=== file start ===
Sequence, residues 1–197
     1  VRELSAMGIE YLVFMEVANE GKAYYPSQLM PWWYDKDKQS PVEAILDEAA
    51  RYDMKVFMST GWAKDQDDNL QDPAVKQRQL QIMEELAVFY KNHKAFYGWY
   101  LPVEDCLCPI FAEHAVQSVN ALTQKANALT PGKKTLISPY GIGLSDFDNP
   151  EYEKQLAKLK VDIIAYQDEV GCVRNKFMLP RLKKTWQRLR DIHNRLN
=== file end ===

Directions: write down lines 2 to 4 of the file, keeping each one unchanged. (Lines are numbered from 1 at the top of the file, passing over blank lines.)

     1  VRELSAMGIE YLVFMEVANE GKAYYPSQLM PWWYDKDKQS PVEAILDEAA
    51  RYDMKVFMST GWAKDQDDNL QDPAVKQRQL QIMEELAVFY KNHKAFYGWY
   101  LPVEDCLCPI FAEHAVQSVN ALTQKANALT PGKKTLISPY GIGLSDFDNP